National policy documents in the U.S. have called for an increase in the amount and quality of science, technology, engineering, and mathematics (STEM) education being offered to students, including the development of schools identified specifically as STEM schools. However, there are challenges to implementing STEM in schools, including the lack of a cohesive understanding of what STEM instruction should include and the need for teachers who may have no training in engineering to teach engineering to their students. Teachers have varied conceptions of engineering that are enacted in their classrooms in varying ways, yet little research has explored students’ conceptions of engineering. This study fills a gap in the literature to address the following research questions: 1. How do elementary students conceptualize engineering? 2. How, if at all, do elementary students’ conceptions of engineering vary based on whether they attend a STEM-focused school or a school without an explicit STEM focus?

Using a comparative case study design, this work used semi-structured interviews to examine students’ understanding of engineering. Participants were 125 students in fifth grade (10-11 years old) at four different elementary schools within the same district in the Midwestern U.S. One of the elementary schools had been a STEM-designated school for the five years prior to this study. The other three elementary schools did not have a current STEM designation but were planning to convert to STEM schools in the coming years. Approximately 20 hours of audio data were transcribed and analyzed using coding methods originating from grounded theory. Cross case analysis between students from the STEM school (n=40 students) and the three non-STEM schools (n=85 students) was conducted to identify similarities and differences between students’ conceptions across schools.

Findings suggest that elementary students have limited views of engineering. For example, students at all four schools equated engineering with building and fixing. Although they did not have fully articulated views of engineering, students believed engineering is important for improving things in the world and in preparing them for further education and careers. They viewed engineering positively, discussing opportunities for hands-on activities, choice, and creativity as appealing to them despite the potential for challenges and frustrations associated with engineering.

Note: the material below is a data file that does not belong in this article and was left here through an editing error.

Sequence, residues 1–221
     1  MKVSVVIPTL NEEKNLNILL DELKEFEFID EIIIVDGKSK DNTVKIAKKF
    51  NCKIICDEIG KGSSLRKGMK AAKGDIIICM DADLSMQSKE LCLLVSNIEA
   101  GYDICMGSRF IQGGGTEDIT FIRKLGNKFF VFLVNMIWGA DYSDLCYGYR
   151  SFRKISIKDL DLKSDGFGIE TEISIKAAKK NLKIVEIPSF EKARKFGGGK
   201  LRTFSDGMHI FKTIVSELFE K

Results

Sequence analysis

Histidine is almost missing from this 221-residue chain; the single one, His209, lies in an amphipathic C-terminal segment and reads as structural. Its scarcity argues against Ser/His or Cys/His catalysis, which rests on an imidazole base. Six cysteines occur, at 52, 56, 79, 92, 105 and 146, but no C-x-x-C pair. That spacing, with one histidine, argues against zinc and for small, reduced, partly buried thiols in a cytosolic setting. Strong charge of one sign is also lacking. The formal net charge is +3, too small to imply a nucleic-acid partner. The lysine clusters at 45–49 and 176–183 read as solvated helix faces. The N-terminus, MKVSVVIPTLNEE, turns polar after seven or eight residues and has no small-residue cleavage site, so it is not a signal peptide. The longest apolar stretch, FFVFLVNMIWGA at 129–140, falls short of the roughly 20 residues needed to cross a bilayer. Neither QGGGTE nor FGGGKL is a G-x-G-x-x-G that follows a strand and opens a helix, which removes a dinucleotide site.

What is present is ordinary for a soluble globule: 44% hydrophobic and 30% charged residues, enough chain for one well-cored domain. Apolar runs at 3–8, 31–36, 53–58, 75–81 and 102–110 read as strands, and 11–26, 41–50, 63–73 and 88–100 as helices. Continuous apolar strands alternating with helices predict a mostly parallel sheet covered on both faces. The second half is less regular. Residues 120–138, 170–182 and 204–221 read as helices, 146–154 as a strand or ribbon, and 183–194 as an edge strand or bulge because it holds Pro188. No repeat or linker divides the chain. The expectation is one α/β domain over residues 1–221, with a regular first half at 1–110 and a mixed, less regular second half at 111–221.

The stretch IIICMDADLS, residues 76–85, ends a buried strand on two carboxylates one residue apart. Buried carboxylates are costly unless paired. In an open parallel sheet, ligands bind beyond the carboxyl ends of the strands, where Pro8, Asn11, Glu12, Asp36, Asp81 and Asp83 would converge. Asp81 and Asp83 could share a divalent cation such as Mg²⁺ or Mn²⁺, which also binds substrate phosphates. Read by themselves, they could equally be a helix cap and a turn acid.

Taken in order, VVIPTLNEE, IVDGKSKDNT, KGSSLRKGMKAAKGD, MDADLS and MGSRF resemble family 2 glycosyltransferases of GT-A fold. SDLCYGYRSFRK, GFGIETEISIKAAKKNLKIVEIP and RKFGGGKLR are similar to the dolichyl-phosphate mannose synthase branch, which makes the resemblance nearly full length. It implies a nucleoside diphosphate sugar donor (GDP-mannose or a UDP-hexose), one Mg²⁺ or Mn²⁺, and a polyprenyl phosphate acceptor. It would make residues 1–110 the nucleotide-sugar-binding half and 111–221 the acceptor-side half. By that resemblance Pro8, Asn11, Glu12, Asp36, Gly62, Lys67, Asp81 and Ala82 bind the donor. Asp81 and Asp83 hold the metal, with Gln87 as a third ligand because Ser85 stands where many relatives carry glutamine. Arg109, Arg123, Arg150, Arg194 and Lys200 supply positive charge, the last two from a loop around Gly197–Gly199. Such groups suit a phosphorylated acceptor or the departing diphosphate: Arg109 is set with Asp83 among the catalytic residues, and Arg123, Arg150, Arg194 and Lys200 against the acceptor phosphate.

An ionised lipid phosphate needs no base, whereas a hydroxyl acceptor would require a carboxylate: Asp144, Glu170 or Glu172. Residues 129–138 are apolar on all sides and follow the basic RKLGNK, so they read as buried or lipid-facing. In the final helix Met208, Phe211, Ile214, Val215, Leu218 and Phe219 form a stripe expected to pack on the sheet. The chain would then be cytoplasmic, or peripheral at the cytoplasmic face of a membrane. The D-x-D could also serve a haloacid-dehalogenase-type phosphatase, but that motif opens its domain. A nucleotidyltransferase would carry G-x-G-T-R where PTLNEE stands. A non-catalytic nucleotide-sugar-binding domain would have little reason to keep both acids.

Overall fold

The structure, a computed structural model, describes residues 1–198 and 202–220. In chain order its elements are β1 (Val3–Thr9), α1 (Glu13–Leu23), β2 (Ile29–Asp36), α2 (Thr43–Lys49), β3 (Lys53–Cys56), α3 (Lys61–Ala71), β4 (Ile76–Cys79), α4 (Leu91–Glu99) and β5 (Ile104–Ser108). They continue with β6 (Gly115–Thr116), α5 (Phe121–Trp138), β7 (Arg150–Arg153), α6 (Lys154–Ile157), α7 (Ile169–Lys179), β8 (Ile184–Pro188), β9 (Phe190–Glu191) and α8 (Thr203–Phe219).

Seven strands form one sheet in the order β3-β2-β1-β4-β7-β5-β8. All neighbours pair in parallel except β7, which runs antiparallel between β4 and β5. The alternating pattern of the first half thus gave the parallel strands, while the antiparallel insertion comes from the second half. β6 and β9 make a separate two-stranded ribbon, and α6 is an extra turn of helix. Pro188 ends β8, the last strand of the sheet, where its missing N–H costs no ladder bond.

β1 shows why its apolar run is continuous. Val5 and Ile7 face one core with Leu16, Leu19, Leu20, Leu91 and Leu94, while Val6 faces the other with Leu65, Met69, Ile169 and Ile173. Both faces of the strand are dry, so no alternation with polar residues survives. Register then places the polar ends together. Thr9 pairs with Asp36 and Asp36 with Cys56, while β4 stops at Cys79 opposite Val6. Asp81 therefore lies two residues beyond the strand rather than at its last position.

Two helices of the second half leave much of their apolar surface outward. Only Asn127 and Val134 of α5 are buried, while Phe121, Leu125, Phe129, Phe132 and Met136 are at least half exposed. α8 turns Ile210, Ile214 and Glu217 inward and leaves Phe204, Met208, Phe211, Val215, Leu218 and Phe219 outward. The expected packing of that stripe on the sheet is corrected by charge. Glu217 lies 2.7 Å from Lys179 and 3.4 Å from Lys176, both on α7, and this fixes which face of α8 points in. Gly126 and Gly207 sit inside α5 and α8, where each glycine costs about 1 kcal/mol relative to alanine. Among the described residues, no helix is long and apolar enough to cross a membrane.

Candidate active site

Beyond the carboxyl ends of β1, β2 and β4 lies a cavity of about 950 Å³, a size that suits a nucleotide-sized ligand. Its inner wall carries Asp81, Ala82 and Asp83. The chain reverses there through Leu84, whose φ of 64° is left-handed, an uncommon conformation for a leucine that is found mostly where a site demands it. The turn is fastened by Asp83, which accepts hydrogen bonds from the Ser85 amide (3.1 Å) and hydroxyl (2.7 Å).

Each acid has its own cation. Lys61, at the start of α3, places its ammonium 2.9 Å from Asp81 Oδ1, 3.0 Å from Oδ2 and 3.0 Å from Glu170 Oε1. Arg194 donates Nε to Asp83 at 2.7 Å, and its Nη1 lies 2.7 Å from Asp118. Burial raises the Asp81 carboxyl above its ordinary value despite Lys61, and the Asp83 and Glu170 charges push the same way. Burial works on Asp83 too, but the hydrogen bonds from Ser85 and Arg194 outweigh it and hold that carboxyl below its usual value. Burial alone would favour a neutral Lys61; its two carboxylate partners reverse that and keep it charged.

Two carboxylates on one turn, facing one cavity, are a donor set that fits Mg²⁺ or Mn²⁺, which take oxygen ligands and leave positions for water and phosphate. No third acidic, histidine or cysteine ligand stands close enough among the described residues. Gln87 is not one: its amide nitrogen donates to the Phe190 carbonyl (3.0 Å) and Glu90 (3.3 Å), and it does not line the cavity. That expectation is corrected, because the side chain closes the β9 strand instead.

Despite some commonalities in students’ conceptions of engineering across the four schools, differences between the STEM-focused and non-STEM-focused schools were also apparent. For example, students attending the STEM school discussed grit and perseverance as key to success in engineering and described opportunities to engineer during the school day; in contrast, those students attending non-STEM schools saw their opportunities to engineer primarily outside of school with the support of family members.

Findings from this study suggest that elementary students require support in developing more nuanced engineering conceptions. In this district, attending a STEM school influenced students’ conceptions of engineering. Although students who attended the STEM school still demonstrated areas where their conceptions of engineering could be more fully developed, they had a broader understanding of engineering and saw it as relevant to their lives and the world in more ways.

Wieselmann, J. R., & Ring-Whalen, E. A., & Roehrig, G. (2020, June), What is Engineering? A Comparative Case Study of Elementary Students’ Conceptions of Engineering Across STEM and Non-STEM Schools Paper presented at 2020 ASEE Virtual Annual Conference Content Access, Virtual On line . 10.18260/1-2--35501